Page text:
NOTE: Although 34 is only a small fraction of the members of the House, the Caucus announcement does show that a growing number of members of Congress from both parties realize that climate change is a serious and growing problem and that many of their constituents want effective action - whatever Trump and members of his administration may say.

The following items are from the Environmental and Energy Study Institute (EESI), Carol Werner, Executive Director. Past issues of its newsletter are posted on its website under "publications"
EESI’s newsletter is intended for all interested parties, particularly the policymaker community. 

pastedGraphic.pdfTrump Signs Executive Order to Further Dismantle the Obama Administration's Climate Policies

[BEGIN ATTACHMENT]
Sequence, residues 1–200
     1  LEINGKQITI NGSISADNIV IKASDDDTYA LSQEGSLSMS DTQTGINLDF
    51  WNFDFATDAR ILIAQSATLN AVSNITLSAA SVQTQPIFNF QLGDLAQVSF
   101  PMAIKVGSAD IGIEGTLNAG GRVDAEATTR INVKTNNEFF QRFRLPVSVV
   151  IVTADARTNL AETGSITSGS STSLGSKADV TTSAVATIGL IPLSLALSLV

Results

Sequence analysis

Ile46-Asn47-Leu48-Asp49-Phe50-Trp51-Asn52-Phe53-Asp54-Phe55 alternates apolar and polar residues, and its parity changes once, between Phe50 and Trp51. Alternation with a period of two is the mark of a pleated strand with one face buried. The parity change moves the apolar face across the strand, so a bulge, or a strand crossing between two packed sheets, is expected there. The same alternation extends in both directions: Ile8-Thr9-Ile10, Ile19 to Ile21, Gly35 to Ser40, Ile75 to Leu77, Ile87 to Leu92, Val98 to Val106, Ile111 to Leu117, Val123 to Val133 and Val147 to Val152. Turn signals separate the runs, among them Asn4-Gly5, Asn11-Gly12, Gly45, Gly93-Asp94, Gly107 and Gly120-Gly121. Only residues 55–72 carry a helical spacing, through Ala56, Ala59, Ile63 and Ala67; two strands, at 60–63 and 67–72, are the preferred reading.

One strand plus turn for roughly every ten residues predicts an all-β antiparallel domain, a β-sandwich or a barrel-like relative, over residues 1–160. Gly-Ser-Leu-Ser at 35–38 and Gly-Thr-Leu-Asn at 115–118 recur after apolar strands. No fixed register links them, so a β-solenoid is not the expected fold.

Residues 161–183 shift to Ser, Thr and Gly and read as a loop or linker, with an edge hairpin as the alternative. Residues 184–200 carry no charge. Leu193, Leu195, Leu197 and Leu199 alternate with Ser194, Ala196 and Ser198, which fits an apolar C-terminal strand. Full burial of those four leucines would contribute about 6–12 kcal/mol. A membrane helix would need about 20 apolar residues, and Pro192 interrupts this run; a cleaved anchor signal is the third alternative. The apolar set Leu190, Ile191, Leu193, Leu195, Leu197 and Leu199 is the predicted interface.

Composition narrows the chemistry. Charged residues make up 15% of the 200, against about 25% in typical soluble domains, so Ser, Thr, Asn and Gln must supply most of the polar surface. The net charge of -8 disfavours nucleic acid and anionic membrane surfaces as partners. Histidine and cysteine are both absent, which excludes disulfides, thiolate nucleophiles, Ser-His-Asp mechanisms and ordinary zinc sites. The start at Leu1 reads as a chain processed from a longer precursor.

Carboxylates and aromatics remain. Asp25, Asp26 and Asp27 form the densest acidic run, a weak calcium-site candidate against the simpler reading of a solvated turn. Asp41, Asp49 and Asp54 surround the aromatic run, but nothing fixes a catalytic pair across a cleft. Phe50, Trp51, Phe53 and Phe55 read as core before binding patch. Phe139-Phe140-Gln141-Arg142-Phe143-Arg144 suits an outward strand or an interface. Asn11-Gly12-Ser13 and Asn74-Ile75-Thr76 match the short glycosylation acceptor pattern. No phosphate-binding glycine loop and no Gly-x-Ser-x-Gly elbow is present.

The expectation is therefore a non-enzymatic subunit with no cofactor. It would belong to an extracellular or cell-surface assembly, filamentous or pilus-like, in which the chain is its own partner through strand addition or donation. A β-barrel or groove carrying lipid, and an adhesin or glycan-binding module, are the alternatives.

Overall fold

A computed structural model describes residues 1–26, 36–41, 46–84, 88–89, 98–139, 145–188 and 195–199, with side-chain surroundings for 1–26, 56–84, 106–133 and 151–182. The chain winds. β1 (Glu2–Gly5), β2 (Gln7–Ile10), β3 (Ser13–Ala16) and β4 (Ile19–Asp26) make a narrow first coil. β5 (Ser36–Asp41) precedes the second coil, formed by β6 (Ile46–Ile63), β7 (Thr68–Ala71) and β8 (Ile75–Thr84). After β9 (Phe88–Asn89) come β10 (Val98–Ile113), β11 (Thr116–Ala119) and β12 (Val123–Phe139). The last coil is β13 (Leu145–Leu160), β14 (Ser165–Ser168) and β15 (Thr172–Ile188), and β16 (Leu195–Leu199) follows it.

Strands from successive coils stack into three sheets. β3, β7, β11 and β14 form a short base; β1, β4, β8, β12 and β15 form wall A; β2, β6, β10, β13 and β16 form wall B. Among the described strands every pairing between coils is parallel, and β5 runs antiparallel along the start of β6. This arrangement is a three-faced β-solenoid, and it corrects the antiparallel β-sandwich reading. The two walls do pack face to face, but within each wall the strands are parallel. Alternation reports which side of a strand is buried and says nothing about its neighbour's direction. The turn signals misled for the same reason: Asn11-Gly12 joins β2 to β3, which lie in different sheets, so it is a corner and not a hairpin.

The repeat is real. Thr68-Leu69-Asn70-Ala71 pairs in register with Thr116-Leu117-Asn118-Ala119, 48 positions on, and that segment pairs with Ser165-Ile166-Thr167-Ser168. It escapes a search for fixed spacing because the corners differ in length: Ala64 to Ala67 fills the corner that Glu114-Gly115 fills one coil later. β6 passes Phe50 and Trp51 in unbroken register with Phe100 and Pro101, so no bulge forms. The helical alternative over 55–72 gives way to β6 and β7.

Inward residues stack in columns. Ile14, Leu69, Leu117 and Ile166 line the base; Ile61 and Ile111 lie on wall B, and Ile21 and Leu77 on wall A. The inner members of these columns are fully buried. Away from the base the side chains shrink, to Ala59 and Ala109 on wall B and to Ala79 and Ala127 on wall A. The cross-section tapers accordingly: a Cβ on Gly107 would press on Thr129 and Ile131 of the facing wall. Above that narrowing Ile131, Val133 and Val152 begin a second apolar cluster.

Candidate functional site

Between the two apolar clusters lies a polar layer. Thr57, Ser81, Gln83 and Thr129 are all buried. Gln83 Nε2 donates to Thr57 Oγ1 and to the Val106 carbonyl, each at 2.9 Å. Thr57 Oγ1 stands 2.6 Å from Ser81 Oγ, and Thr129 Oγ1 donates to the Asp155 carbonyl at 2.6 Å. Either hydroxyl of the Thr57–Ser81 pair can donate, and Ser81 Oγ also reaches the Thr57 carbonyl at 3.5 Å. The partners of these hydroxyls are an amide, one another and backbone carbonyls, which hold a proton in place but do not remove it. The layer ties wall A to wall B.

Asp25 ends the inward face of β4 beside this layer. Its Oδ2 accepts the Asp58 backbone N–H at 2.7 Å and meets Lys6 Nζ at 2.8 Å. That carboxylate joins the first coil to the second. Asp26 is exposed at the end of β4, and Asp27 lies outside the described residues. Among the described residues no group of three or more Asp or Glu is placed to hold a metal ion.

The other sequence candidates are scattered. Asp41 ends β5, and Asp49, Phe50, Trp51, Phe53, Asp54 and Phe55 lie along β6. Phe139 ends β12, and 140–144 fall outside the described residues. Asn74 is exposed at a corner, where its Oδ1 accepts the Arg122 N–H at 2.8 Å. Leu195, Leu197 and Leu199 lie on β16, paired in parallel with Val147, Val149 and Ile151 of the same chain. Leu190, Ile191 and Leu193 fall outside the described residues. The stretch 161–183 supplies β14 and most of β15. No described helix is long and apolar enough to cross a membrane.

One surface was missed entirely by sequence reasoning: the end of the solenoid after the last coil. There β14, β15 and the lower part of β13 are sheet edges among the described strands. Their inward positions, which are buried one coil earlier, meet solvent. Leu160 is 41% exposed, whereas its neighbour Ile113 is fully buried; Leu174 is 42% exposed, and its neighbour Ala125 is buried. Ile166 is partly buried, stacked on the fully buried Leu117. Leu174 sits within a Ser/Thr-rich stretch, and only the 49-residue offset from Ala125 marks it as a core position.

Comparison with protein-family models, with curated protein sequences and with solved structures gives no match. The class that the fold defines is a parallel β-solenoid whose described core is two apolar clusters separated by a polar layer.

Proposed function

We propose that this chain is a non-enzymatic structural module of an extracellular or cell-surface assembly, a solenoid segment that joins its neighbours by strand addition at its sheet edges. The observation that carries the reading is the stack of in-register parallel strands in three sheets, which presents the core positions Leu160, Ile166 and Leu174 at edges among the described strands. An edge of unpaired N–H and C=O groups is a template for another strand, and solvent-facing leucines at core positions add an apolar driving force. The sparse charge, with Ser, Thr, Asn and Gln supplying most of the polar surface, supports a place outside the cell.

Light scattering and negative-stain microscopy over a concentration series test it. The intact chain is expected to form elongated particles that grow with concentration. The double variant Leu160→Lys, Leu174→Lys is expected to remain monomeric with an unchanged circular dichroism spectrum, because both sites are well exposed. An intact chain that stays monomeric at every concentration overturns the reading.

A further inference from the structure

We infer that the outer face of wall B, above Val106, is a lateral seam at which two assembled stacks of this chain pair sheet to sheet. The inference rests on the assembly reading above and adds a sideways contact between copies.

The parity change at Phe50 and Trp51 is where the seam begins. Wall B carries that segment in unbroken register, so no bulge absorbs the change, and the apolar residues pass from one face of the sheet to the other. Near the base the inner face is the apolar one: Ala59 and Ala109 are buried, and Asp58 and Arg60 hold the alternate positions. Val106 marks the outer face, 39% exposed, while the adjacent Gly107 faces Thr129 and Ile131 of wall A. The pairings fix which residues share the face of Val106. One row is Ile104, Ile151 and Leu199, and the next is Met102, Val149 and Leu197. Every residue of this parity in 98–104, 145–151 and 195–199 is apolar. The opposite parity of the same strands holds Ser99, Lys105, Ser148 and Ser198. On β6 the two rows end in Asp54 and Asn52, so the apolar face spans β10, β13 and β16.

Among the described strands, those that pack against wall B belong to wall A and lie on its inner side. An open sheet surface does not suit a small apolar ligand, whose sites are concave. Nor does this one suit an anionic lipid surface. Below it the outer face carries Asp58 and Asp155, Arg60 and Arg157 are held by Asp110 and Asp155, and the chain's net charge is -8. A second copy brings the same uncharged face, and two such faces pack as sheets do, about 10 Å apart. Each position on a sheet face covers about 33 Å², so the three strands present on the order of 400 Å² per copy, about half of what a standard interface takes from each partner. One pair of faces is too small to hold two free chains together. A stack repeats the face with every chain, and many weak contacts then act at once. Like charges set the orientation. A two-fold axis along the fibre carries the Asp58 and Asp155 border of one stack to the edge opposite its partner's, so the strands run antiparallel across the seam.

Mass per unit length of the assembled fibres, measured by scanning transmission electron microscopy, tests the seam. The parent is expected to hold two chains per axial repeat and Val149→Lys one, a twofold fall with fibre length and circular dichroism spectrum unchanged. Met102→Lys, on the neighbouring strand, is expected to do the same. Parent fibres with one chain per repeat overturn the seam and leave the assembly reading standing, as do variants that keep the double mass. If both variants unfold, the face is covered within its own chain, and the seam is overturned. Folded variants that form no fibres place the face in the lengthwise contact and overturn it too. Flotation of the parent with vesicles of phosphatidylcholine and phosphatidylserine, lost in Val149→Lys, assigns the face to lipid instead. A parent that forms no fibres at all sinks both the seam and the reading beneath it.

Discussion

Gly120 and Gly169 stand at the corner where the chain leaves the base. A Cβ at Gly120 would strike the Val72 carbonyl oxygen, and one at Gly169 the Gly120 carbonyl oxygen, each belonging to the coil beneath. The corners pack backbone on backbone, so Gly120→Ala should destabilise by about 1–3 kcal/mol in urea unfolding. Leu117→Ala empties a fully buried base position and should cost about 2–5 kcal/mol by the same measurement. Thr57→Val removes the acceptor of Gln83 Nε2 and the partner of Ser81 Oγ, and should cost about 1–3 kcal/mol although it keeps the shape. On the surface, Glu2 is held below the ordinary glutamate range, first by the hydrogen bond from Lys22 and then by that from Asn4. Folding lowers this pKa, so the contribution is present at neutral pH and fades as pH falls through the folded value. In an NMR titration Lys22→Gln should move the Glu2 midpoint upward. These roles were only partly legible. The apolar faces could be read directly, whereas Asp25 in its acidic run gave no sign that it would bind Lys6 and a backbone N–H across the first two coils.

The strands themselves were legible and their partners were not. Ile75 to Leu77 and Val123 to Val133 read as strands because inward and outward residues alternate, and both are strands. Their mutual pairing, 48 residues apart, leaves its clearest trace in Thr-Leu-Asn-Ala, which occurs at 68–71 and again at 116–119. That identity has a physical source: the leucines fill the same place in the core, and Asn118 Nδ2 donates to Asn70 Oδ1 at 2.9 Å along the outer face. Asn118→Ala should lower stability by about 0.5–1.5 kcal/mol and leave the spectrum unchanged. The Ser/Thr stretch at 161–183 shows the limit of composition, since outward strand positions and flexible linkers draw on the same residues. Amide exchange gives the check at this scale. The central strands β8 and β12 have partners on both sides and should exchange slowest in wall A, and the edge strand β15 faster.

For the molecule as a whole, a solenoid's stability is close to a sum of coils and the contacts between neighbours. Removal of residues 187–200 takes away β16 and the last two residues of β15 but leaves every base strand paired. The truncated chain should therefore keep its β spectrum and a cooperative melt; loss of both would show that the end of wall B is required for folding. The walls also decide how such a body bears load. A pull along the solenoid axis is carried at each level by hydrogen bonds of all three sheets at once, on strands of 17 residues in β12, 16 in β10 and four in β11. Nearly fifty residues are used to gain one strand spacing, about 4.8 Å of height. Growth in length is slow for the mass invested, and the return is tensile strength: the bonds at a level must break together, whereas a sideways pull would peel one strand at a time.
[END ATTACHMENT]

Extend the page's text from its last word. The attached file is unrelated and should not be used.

On March 28, President Trump signed an executive order directing his administration to begin undoing several more of the Obama administration's climate change policies. The order's most prominent target is the Clean Power Plan, which required states to meet individual carbon emission reduction goals and is a key policy in the U.S. effort to meet its obligations under the 2015 Paris Climate Agreement. "My administration is putting an end to the war on coal," said Trump at the signing of the order at EPA headquarters, at one point turning to a group of coal miners in attendance and declaring, "You're going back to work." The order instructs federal regulators to stop using the "social cost of carbon" in their economic analyses of future environmental rules. (emphasis added) Trump's signature also lifted a ban on coal leasing on federal lands, halted rules limiting methane leaks from oil and gas facilities, and rescinded multiple presidential memos meant to integrate climate action across numerous federal agencies. The EPA's underlying endangerment finding naming greenhouse gas emissions a threat to public health and U.S. involvement in the Paris Agreement both went unaddressed in the order, but are viewed as major targets by the administration.